Coca-Cola merges ASEAN and South Pacific biz due to global restructure

The Coca-Cola Company will be merging its ASEAN and South Pacific business units from 2021, as part of its global restructuring. The merged business unit will be led by Claudia Lorenzo, who is the current president of the ASEAN business unit. Lorenzo will report to president and chief operating officer, Brian Smith. 

The new business unit is one of Coca-Cola's nine new geographical business units, which replace its current 17 business units. The other business units are: North America, Latin America, Europe, Africa, Eurasia and Middle East, Japan and South Korea, Greater China, as well as India and Southwest Asia. Marketing has reached out to Coca-Cola for additional information.

The company has also named senior vice presidents of marketing for its Latin America, Europe, and North America business units. It has appointed Javier Meza, current CMO for sparkling beverages, for its Latin America unit; Walter Susini, current head of marketing for the Western Europe business unit, for Europe; as well as Melanie Boulden, current president of the stills business unit for Coca-Cola North America, for its North America unit. 

Additionally, the beverage company has appointed leaders for its five global categories, who will report to chief marketing officer, Manolo Arroyo. It has appointed Selman Careaga, current president of the sparkling business unit for Coca-Cola North America, as its category lead for Coca-Cola; Jasmin Vinculado, current sparkling general manager for the Mexico business unit, for its Sparkling Flavors category; Matrona Filippou, current president of the Southern and East Africa business unit, for its Hydration, Sports, Coffee and Tea category; and Sedef Salingan Sahin, current vice president of operations for the Europe, Middle East and Africa group, for its Nutrition, Juice, Dairy and Plant category.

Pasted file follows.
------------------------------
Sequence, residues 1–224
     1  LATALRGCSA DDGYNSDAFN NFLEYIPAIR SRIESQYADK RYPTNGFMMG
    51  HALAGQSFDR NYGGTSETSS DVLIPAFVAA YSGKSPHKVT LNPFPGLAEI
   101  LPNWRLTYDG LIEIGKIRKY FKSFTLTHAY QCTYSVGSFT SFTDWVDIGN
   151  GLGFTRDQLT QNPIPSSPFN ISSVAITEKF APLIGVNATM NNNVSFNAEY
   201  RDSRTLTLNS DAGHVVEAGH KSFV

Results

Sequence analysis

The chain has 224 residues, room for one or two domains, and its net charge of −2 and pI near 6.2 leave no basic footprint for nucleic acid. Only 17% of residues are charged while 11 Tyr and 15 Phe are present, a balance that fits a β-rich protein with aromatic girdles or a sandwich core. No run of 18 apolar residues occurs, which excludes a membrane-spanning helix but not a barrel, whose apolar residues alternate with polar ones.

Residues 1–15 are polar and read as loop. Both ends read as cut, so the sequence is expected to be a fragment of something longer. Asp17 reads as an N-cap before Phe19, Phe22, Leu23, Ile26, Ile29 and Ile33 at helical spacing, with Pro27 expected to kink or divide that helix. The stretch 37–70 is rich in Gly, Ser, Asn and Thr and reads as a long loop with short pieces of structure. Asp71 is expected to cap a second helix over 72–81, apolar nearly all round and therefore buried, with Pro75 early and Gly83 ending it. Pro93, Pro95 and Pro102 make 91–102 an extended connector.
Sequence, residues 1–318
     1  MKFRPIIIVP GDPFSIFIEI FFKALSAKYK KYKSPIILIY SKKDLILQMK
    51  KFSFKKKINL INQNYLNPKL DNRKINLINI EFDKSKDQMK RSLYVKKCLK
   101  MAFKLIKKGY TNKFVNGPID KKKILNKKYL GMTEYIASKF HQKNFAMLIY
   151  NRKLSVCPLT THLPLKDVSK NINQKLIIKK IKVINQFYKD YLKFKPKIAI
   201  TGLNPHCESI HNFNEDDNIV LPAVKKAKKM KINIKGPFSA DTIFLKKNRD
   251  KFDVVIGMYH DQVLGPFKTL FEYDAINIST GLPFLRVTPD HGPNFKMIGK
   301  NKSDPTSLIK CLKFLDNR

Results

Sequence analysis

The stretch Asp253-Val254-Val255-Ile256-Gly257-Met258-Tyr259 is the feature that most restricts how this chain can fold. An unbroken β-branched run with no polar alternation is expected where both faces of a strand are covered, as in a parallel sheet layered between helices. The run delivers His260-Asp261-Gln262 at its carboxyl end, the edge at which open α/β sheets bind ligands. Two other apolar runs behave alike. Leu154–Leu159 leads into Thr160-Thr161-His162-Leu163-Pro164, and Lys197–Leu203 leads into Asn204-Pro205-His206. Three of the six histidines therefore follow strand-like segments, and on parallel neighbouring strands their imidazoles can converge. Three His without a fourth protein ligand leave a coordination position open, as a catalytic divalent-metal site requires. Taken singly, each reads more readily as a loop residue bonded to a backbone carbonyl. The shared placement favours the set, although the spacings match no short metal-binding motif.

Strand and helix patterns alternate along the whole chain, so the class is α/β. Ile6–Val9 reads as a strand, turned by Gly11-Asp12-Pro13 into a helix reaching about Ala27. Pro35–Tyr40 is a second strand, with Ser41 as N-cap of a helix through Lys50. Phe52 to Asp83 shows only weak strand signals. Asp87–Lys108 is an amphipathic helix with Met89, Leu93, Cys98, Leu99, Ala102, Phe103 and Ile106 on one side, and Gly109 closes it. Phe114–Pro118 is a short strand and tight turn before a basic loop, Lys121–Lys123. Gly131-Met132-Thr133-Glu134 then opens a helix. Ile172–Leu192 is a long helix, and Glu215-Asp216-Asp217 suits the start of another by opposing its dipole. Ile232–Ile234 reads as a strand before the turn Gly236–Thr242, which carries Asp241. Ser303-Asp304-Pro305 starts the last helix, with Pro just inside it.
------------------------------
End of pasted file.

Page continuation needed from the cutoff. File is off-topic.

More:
The restructuring and leadership shuffle come as the beverage giant said it will be restructuring two weeks ago. The nine new operating units will help streamline the company. They will also be highly interconnected, with more consistency in structure and a focus on eliminating duplication of resources and scaling new products more quickly. 

According to the company then, its structural changes will result in the reallocation of some people and resources, which will include voluntary and involuntary reductions in employees.

It has rolled out a voluntary separation program that will give employees the option of taking a separation package, should they be eligible.The program will provide enhanced benefits and will first be offered to approximately 4,000 employees in the United States, Canada and Puerto Rico who have a most-recent hire date on or before Sept. 1, 2017. A similar program will be offered in many countries internationally. The company’s overall global severance programs are expected to incur expenses ranging from approximately $350 million to $550 million. Coca-Cola has declined to comment on Marketing's queries about the impact on its Southeast Asian markets.

Earlier in July, Coca-Cola scaled up its digital strategies to ensure its brands are “within a click’s reach of desire” as online shopping continues to surge due to COVID-19. The company enhanced its brand presence on the "virtual aisle", investing in high-quality content such as photos, videos and product descriptions, to ensure its brands look as good online as they do in store. The beverage giant said then that it will be prioritising package options that are fit-for-purpose for online sales, boosting investment in digital imagery, increasing in-app visibility with e-delivery grocers, and piloting digitally enabled fulfillment models.

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